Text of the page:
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There's A Lot To Like About Hillenbrand's (NYSE:HI) Upcoming US$0.22 Dividend

Hillenbrand, Inc. (NYSE:HI) is about to trade ex-dividend in the next four days. Typically, the ex-dividend date is one business day before the record date which is the date on which a company determines the shareholders eligible to receive a dividend. The ex-dividend date is an important date to be aware of as any purchase of the stock made on or after this date might mean a late settlement that doesn't show on the record date. Thus, you can purchase Hillenbrand's shares before the 16th of March in order to receive the dividend, which the company will pay on the 31st of March.

The company's next dividend payment will be US$0.22 per share, and in the last 12 months, the company paid a total of US$0.88 per share. Based on the last year's worth of payments, Hillenbrand has a trailing yield of 1.9% on the current stock price of $45.35. Dividends are a major contributor to investment returns for long term holders, but only if the dividend continues to be paid. So we need to investigate whether Hillenbrand can afford its dividend, and if the dividend could grow.

See our latest analysis for Hillenbrand

Dividends are typically paid from company earnings. If a company pays more in dividends than it earned in profit, then the dividend could be unsustainable. Fortunately Hillenbrand's payout ratio is modest, at just 29% of profit. That said, even highly profitable companies sometimes might not generate enough cash to pay the dividend, which is why we should always check if the dividend is covered by cash flow. It paid out more than half (75%) of its free cash flow in the past year, which is within an average range for most companies.

It's positive to see that Hillenbrand's dividend is covered by both profits and cash flow, since this is generally a sign that the dividend is sustainable, and a lower payout ratio usually suggests a greater margin of safety before the dividend gets cut.

Click here to see the company's payout ratio, plus analyst estimates of its future dividends.

historic-dividend
historic-dividend

Have Earnings And Dividends Been Growing?

Companies with consistently growing earnings per share generally make the best dividend stocks, as they usually find it easier to grow dividends per share. If earnings fall far enough, the company could be forced to cut its dividend. This is why it's a relief to see Hillenbrand earnings per share are up 9.0% per annum over the last five years. While earnings have been growing at a credible rate, the company is paying out a majority of its earnings to shareholders. Therefore it's unlikely that the company will be able to reinvest heavily in its business, which could presage slower growth in the future.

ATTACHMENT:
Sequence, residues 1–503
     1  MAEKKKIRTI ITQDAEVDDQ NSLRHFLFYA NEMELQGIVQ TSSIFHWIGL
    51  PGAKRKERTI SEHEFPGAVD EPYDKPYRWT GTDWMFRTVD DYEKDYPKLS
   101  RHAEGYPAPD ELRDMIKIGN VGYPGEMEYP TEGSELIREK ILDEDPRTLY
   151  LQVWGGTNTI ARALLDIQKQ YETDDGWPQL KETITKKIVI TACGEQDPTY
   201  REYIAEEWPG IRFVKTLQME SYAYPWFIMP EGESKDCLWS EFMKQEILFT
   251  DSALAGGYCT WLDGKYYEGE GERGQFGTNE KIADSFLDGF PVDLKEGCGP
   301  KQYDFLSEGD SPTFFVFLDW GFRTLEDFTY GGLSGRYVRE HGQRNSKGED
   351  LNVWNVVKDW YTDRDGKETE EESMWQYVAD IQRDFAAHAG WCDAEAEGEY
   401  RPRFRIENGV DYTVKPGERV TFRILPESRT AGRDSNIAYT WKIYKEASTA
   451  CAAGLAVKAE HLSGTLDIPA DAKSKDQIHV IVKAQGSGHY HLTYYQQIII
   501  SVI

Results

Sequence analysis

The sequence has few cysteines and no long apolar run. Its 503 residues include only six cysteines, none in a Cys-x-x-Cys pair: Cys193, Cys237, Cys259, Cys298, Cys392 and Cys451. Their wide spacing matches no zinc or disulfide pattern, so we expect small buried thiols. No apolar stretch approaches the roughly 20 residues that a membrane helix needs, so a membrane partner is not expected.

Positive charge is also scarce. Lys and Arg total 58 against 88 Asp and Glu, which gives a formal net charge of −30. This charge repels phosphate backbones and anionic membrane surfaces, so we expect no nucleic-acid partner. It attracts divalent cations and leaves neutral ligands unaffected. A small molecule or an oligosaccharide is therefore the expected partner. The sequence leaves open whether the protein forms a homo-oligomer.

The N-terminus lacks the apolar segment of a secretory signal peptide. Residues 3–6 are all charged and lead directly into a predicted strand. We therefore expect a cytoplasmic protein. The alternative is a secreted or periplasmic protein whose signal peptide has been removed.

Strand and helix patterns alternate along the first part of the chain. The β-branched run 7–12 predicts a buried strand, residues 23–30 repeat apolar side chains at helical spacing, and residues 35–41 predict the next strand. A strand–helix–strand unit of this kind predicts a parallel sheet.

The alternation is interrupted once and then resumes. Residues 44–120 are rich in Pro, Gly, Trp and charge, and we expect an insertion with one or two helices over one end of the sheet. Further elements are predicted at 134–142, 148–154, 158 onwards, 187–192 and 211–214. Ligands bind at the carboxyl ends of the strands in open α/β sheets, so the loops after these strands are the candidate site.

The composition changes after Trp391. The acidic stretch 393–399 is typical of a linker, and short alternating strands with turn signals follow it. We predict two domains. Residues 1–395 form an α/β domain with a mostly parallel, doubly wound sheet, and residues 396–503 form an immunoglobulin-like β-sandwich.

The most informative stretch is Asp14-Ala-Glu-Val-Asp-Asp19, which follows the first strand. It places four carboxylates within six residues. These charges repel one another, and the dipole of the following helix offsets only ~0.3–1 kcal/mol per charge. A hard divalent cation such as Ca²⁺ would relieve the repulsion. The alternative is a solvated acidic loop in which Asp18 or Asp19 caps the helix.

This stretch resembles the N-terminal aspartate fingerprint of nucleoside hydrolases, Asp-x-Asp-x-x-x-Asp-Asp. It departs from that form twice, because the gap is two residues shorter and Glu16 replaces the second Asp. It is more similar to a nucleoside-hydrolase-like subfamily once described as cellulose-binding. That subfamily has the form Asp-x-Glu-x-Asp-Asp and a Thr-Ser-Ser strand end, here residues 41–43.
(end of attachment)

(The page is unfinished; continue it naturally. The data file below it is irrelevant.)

Many investors will assess a company's dividend performance by evaluating how much the dividend payments have changed over time. In the last 10 years, Hillenbrand has lifted its dividend by approximately 1.3% a year on average.

Final Takeaway

Is Hillenbrand worth buying for its dividend? Earnings per share growth has been modest, and it's interesting that Hillenbrand is paying out less than half of its earnings and more than half its cash flow to shareholders in the form of dividends. In summary, while it has some positive characteristics, we're not inclined to race out and buy Hillenbrand today.

On that note, you'll want to research what risks Hillenbrand is facing. To help with this, we've discovered 1 warning sign for Hillenbrand that you should be aware of before investing in their shares.

If you're in the market for strong dividend payers, we recommend checking our selection of top dividend stocks.

Have feedback on this article? Concerned about the content? Get in touch with us directly. Alternatively, email editorial-team (at) simplywallst.com.

This article by Simply Wall St is general in nature. We provide commentary based on historical data and analyst forecasts only using an unbiased methodology and our articles are not intended to be financial advice. It does not constitute a recommendation to buy or sell any stock, and does not take account of your objectives, or your financial situation. We aim to bring you long-term focused analysis driven by fundamental data. Note that our analysis may not factor in the latest price-sensitive company announcements or qualitative material. Simply Wall St has no position in any stocks mentioned.

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